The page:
As these stories commonly go, Maria did not do as instructed. She was afraid she would be ridiculed.
One day not long after, Maria was walking from her hut, carrying bread in her hands, when she suddenly saw a bright light, and there was a shining cloud around her. In this new vision she saw in the air the Znamenie image, with Mary of Egypt standing by it. And in front of the image stood St. Nicholas in his bishop’s vestments.
Nicholas spoke to her, telling her again to instruct the people to cut timber and build a church. He added that if the people would not listen, they would experience the anger of God: the priest and the other parishioners would die.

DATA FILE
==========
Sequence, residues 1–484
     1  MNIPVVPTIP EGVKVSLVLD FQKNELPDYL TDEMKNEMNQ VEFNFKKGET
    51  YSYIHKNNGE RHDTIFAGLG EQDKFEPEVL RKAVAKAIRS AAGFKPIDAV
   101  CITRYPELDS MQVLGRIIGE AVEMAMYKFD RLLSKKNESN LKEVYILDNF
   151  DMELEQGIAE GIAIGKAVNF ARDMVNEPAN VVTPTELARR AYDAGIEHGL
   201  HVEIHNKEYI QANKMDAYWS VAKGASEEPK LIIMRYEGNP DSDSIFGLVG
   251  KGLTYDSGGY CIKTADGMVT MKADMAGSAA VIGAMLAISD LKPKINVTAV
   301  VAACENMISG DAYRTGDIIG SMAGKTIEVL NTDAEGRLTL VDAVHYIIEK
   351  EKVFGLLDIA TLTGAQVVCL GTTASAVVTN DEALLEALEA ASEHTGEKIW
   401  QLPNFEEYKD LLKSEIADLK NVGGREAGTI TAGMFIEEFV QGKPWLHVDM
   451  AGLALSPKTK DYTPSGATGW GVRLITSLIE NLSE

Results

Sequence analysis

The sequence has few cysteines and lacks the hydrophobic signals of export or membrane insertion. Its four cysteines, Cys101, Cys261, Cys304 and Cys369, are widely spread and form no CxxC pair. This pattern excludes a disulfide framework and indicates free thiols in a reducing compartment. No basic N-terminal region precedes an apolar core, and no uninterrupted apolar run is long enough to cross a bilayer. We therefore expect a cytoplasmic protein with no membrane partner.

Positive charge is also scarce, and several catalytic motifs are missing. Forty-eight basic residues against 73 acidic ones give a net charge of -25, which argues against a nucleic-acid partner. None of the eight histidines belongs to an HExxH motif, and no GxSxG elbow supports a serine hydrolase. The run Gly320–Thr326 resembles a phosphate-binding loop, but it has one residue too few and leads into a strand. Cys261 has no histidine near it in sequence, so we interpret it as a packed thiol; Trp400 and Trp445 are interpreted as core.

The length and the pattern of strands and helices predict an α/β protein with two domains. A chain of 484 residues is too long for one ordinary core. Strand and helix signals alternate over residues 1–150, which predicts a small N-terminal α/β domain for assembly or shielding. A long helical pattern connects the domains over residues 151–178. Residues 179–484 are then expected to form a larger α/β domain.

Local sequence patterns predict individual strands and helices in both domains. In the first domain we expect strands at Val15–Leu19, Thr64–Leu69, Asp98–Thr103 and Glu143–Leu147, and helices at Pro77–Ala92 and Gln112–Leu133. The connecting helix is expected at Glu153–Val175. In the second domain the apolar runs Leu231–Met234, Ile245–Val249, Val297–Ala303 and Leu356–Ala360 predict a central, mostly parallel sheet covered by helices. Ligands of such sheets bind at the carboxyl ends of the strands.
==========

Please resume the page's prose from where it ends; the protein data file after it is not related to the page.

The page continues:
Now as you already know, this motif of being told to do something in a vision or dream, but not doing as told, is common in these old stories.
Given that, it is not surprising that Maria did not do as Nicholas told her after the second vision. But then came the third. She was doing needlework in her hut when she suddenly began to smell a very fragrant odor. Then she again heard the voice of St. Nicholas. He asked her why she did not tell the people of her visions and instructions, and added that her unbelief would bring the wrath of God down on her.
Suddenly Maria felt terrible pain and both her hands began to severely cramp. She fell to the floor in anguish. But then she heard the voice of the Mother of God saying — “It is difficult; I feel sorry for her.”
With that the pain in her hands stopped. Maria, now thoroughly intimidated, hurried off to tell her spiritual father about the visions and instruction to build a church. But there comes a variation in the usual pattern: her spiritual father also hesitated to tell the people about Maria and her visions.